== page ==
Book Description from Barnes & Noble:
Nine-year-old Oskar Schell has embarked on an urgent, secret mission that will take him through the five boroughs of New York. His goal is to find the lock that matches a mysterious key that belonged to his father, who died in the World Trade Center on the morning of September 11. This seemingly impossible task will bring Oskar into contact with survivors of all sorts on an exhilarating, affecting, often hilarious, and ultimately healing journey.
This is a phenomenal book.
I thought there were parts that maybe I should cry, but instead I felt a cold, steel wall go up to prevent me from crying, to protect me. The profound impact it had on me was no less because of it. If I was not at my computer to type out quotes, I tore pieces of an envelope apart to mark the pages that contained the quotes I wanted to write down. I re-read the quotes.
Even though I know it to be true, I am constantly amazed at how a book can change my outlook on life, or even change my life. It amazes me how an author can put words together in such a way to make a life lasting effect on someone’s life. I want to think that the author just got lucky because no person could possibly have the skill to put words together like that intentionally.
This book will bombard you with so many feelings that you won’t know what to do with them. That’s why it seems so particularly fitting that the author included the quote, “…there are so many times when you know you’re feeling a lot of something, but you don’t know what the something is…” Was that intentional? Did he create a book that would make you feel that way and then hide the perfect quote in his book like a needle in a haystack? Was he just lucky? Does it matter?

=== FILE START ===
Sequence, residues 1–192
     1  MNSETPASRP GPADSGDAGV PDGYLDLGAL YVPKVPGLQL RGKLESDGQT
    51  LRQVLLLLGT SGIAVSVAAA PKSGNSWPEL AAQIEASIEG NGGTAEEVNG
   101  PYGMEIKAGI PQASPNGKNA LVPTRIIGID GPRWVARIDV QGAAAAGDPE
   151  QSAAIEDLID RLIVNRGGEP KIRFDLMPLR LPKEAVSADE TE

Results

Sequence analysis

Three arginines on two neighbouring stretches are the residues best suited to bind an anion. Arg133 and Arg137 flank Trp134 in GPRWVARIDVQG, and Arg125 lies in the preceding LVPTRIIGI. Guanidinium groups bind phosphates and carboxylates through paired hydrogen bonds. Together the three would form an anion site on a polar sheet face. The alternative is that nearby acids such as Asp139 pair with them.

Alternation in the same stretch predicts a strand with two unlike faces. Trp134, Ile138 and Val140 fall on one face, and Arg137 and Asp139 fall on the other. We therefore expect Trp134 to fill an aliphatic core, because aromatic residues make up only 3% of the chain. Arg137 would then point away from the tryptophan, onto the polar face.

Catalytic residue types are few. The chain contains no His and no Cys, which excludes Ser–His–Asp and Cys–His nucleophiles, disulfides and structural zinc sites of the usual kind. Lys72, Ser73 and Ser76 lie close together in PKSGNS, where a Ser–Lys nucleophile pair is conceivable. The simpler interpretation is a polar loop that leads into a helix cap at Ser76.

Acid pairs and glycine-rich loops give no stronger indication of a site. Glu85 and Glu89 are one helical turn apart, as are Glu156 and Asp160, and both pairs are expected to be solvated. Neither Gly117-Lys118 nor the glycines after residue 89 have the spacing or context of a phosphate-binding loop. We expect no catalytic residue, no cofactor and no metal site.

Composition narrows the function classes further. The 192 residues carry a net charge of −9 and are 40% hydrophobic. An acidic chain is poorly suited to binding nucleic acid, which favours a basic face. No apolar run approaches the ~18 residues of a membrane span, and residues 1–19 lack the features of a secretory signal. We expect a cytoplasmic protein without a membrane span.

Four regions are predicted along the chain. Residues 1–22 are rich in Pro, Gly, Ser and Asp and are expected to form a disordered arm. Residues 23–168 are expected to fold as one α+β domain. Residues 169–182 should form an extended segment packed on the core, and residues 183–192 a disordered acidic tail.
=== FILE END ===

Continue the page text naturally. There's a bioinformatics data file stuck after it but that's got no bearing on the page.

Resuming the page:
The characters are all so quirky and you end up loving every single quirky habit. I fell in love with the man who doesn’t speak. I want to sit in Mr. Black’s home and listen to his stories all day long. I wanted to cry when I found out about the Blacks’ museums because of all the love.
This is a phenomenal book.
There are a lot of pictures in the book. There are also a lot of excerpts from letters, different spacing and formatting and sometimes the punctuation changes. There is a part where things are underlined or circled. I was tempted to find a pattern in all that but I was afraid it would take away from the flow of the book so I ignored it.
The stories are told from different viewpoints and they go back and forth in time. It took me a little while to figure out how all the characters are related to each other. While they are meant to emphasize, I understand how all these things can make the book a little difficult to read at times, but the story was so mesmerizing that I managed to get through the book without any of these things bothering me.
Reviewed by Christina
“Just because you’re an atheist, that doesn’t mean you wouldn’t love for things to have reasons for why they are.” p13
“You’re sure?” “Pretty sure.” “Are you more or less than seventy-five-percent sure?” “More.” “Ninety-nine percent?” “Less.” “Ninety percent?” “About that.” “That’s a lot of percent.” p51
“In the end, everyone loses everyone. There was no invention to get around that…”
“…there are so many times when you know you’re feeling a lot of something, but you don’t know what the something is… And that confusion changes your mood, it becomes your mood, and you become a confused, gray person.”
“…you can’t love anything more than something you miss.”
“As long as I am thinking, I am alive…”
“..one hundred years of joy can be erased in one second…”
“Life is scarier than death.”
“I wanted to stand up and shout, That beautiful person is mine!”
“When I looked at you, my life made sense. Even the bad things made sense. They were necessary to make you possible.”
“…it broke my heart into more pieces than my heart was made of…”
“Maybe it’s true that you can use up all of your tears.”
“We assumed there would be other nights.”
“…sometimes you have to do something bad to do something good.”